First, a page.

Good governance and accountability in the rapidly emerging world of Knowledge Economies
By Anwar Ibrahim
Remarks by Anwar Ibrahim at the SAGIA Noor 2008 Forum, Madinah, 23rd June, 2008
Ladies and Gentleman.
While it would be superfluous to harp on the importance of research and development in knowledge based industries (KBIs), the issues of focus cannot be overstated. We know that the market is indeed hungry for the entire spectrum of knowledge based products ranging from aerospace and ICT products to precision and scientific tools. The more intensive the use of high technology, the greater reliance will be placed on R&D advances. We would imagine that from the vantage point of strategic policy the state’s focus will be on sustainable development.
As they say, in a knowledge economy, the trajectory of R&D cuts across every spectrum and becomes not only a key driver but the main fulcrum for economic advancement. We know that the development of KBIs is now springing up as a catch all phrase sometimes employed without serious consideration of its implications. From another vantage point we are really referring to enhancing market competition, which is not just a question of breaking down protective barriers and opening tenders for contracts to the best bidders. That is of course absolutely necessary for transparency and accountability. But the principle also entails the fostering of entrepreneurship and creativity so as to remove crutches and enable indigenous enterprises to grow into significant entities able to hold their own.
This is all subsumed under the rubric of a humane economy where corporate governance, transparency and accountability are active indices of responsible government. And these will remain elusive sound bites without an advanced information infrastructure. From the material standpoint, we need this infrastructure to keep abreast with the speed of industrial and economic development on a global scale. But perhaps even of more profound significance, open and responsible governments cannot actualize their ideals without this fundamental platform. That is why we see a correlation between the levels of knowledge, information infrastructure and the state of the economy. Intra economy correlations can also be noted where the disparities are reflective in the GINI coefficient. Where these disparities are not checked, the risk of a digital divide increases manifold, quite apart from the obvious growing chasm between the rich and the poor.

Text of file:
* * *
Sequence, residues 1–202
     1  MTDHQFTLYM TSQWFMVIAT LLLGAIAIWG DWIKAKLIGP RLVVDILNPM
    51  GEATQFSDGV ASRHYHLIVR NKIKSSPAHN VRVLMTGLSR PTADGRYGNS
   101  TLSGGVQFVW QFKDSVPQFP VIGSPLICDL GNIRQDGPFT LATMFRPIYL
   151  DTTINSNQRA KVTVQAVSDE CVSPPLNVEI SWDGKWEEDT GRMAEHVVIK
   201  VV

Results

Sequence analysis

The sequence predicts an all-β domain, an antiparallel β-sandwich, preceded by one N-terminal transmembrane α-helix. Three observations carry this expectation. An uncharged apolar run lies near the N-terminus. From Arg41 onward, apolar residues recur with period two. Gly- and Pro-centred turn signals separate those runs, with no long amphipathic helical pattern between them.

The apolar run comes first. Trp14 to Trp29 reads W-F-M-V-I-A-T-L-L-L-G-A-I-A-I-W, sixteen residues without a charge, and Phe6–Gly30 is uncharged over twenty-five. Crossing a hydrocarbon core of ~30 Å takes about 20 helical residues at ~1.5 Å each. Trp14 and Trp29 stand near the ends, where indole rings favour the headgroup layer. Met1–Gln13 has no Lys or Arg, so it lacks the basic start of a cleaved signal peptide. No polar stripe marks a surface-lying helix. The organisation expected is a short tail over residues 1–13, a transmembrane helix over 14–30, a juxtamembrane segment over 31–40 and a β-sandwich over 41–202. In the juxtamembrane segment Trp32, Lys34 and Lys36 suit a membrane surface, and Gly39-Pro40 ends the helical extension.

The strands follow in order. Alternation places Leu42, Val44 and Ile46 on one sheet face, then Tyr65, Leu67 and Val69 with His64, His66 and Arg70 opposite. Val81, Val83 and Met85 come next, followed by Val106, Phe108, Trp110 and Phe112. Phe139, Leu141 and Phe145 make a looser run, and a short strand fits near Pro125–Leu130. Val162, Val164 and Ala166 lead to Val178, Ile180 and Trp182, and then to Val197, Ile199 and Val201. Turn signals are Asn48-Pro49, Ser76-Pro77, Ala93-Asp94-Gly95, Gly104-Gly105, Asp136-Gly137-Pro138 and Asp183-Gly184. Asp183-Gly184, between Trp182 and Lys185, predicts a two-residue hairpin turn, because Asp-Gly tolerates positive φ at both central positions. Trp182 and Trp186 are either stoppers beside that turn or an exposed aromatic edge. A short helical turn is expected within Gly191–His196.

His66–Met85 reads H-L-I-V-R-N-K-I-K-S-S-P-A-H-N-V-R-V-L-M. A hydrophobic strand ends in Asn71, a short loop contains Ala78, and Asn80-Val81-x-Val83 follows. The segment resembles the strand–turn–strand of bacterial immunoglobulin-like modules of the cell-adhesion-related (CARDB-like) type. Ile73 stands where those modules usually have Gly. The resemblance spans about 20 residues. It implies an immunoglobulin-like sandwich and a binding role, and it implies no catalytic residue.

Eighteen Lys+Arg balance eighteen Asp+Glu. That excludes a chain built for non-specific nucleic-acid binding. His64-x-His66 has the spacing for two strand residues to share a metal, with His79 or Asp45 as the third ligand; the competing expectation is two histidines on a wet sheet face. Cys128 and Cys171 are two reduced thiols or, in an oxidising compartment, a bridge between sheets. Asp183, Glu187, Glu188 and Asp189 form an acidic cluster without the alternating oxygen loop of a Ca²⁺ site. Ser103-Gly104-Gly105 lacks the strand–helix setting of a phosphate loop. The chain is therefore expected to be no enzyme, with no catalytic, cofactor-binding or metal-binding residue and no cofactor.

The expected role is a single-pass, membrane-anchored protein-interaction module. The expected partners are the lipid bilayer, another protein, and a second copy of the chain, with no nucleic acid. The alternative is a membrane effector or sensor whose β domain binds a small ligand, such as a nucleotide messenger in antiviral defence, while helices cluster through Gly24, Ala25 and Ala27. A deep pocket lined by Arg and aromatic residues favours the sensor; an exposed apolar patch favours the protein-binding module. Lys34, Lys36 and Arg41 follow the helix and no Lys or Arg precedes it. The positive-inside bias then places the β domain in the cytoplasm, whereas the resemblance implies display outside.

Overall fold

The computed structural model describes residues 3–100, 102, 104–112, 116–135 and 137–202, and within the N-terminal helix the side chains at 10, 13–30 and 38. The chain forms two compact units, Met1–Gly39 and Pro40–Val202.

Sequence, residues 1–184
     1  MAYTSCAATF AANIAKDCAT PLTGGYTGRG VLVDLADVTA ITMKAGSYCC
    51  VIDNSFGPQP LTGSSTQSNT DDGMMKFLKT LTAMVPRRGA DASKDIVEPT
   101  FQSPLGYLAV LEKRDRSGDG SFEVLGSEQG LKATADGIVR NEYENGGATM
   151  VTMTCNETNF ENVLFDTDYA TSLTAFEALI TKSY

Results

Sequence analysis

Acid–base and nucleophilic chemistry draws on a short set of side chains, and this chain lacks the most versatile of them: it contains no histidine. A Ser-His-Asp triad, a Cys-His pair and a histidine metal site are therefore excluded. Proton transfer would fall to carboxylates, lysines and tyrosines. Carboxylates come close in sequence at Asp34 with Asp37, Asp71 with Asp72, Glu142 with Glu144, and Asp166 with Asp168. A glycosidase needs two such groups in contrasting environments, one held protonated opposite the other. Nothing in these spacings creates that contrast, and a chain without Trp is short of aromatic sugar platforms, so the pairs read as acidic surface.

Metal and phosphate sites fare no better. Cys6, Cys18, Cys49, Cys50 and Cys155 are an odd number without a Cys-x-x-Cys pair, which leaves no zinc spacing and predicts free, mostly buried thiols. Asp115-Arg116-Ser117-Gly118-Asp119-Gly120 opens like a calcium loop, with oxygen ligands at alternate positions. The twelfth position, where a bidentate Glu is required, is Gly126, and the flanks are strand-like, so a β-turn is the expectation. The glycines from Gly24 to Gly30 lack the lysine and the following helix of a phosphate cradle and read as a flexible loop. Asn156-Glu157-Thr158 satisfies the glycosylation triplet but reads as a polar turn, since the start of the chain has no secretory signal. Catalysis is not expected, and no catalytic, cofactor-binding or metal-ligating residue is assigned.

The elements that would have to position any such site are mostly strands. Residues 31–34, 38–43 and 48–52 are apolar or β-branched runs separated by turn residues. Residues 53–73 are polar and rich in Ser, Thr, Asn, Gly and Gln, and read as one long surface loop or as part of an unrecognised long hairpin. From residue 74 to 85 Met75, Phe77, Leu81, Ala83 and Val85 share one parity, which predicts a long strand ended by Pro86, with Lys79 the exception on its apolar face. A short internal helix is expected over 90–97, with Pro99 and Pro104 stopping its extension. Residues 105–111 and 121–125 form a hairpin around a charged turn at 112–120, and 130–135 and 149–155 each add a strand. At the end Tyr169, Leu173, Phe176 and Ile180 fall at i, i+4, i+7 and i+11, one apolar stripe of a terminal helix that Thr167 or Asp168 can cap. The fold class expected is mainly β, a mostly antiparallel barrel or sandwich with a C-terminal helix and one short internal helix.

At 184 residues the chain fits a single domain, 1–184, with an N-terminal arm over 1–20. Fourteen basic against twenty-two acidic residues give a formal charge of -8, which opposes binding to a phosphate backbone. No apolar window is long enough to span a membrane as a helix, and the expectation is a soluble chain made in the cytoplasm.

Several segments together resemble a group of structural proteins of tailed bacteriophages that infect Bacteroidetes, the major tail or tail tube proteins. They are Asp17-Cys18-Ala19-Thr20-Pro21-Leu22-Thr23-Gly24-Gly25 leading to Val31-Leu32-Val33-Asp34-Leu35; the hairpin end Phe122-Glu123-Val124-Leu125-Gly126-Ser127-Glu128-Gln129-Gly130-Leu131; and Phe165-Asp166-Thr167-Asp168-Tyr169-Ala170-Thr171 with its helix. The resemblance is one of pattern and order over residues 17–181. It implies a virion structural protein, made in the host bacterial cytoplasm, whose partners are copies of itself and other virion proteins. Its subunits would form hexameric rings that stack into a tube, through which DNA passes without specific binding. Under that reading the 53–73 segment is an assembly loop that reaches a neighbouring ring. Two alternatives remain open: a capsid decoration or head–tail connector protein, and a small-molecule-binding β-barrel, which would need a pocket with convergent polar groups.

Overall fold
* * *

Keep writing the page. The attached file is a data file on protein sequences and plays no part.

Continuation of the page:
The competitive advantage of nations may be attributed to a host of R&D factors. For one, the need to attain critical mass and maintain a gene pool of expertise may be a prerequisite for staying ahead of the curve. Traditionally, the United States and Japan as pioneers and innovators in this regard, enjoyed first mover. This is where nations like Saudi Arabia and those in the region with substantive capital cushions can blaze the trail in carving a niche in strategic R&D investments. China and India for example have already embarked on this road trying to strike the right balance between the private and public sector driven initiatives.